Chapter 7 is the most common type of personal bankruptcy. People file Chapter 7 to get a fresh financial start. It provides effective relief from credit card debt, medical bills, ordinary civil judgments, personal loans, and other unsecured debts.
“Hedtke Law Group“ will help ensure that key assets, such as your home or your retirement savings, are exempt from sale by unsecured creditors,, allowing you to preserve a future, even as you develop a fresh start, financially.
Our attorneys work closely with you to evaluate your situation, your assets, and your goals, and then find the bankruptcy protection options that will meet your specific needs. For many clients, Chapter 7 bankruptcy is a natural fit, eliminating or reducing debt, collections and lawsuits, while giving you the ability to protect your home, future and family. schedule an appointment with our experienced team of attorneys by calling us today at (626) 593-1556.
Chapter 7 Trustee — Section 321-331; of the Bankruptcy Code govern the selection and appointment of Chapter 7 trustees. Trustees are typically lawyers appointed by the US Trustee’s Office. Their duties are outlined in Section 704 of the Bankruptcy Code. Their primary function is to reduce to money assets of the bankruptcy estate and disburse those funds expeditiously as possible.
Debtor(s) — Debtors can be individuals, married couples, or corporations. Only married couples can file joint Chapter 7 cases. Debtor’s duties are outlined in Section 521 of the Bankruptcy Code.
Debtor’s Attorney — Only an attorney can give you legal advice and retain you as a client. Never meet with a paralegal or non-lawyer. They simply cannot give you legal advice or retain you as a client.
Creditor(s)v– Any entity that purports to have a claim against you for liability on a debt.
Creditor’s Attorney — Only an attorney can give legal advice. Never meet with a paralegal or non-lawyer. Neither a paralegal nor non-lawyer can give you legal advice or retain you as a client.
Bankruptcy Judge — A lawyer who has been appointed to the bankruptcy bench. They serve 14 year terms. The number of bankruptcy judges is determined by Congress.
Just like there are actions you should not take before filing Chapter 7 Bankruptcy, there are actions you should not take after filing bankruptcy. Unless approved by competent bankruptcy counsel within your state, never transfer any assets after filing bankruptcy. Similarly, never pay creditors unless instructed to do so by counsel. Also, never fail to cooperate with trustee. Never fail to disclose all assets and debts with the court or be completely candid with your bankruptcy counsel.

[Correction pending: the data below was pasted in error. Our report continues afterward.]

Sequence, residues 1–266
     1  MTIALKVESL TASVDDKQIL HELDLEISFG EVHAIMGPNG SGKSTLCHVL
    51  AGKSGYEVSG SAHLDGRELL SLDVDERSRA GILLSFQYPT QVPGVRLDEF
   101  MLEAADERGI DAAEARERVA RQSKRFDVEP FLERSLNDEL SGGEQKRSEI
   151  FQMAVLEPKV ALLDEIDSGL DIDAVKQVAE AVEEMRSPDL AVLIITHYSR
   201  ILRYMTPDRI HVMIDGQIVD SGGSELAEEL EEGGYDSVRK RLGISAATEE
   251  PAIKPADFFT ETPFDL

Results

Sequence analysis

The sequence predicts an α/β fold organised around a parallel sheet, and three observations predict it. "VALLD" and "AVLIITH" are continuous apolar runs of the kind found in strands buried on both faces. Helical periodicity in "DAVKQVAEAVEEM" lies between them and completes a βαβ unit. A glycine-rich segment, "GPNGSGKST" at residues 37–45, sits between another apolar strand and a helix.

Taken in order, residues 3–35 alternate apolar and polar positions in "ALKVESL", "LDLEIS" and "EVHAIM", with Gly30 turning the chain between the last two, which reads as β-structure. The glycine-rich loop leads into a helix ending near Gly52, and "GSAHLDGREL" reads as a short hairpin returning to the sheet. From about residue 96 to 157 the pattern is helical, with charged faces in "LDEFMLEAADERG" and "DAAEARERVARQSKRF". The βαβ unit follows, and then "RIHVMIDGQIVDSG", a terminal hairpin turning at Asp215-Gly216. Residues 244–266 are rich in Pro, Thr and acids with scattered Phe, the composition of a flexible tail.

A meeting of creditors must be convened by the US Trustee’s Office within a reasonable time from filing the Chapter 7 Bankruptcy. In the vast majority of cases, creditors do not appear. Instead, the Chapter 7 trustee asks debtor to verify that the information on the schedules is true, correct, and complete. Section 343 of the Bankruptcy Code requires debtor to submit to this examination under oath.
Chapter 7 trustee, debtor, debtor’s counsel.
Typically, the Chapter 7 trustee asks you to verify that the information on the schedules is true, correct, and complete. The vast majority of hearings are held with the Chapter 7 trustee, debtor, and debtor’s counsel and no one else present. The meeting typically lasts anywhere from 5-10 minutes.
Reaffirmation agreements- creditor and debtor may negotiate a reaffirmation agreement and file it with the court.
Redemption agreements- creditor and debtor may negotiate redemption agreements and file it with the court.
We provide experienced and personalized legal support. Our bankruptcy lawyers West Covina take a hands-on approach to client service. From your free initial consultation, through filing Chapter 7 bankruptcy, you’ll work closely with our office and attorneys.
To find out whether bankruptcy is right for you, schedule an appointment with our experienced team of attorneys by calling us today at (626) 593-1556.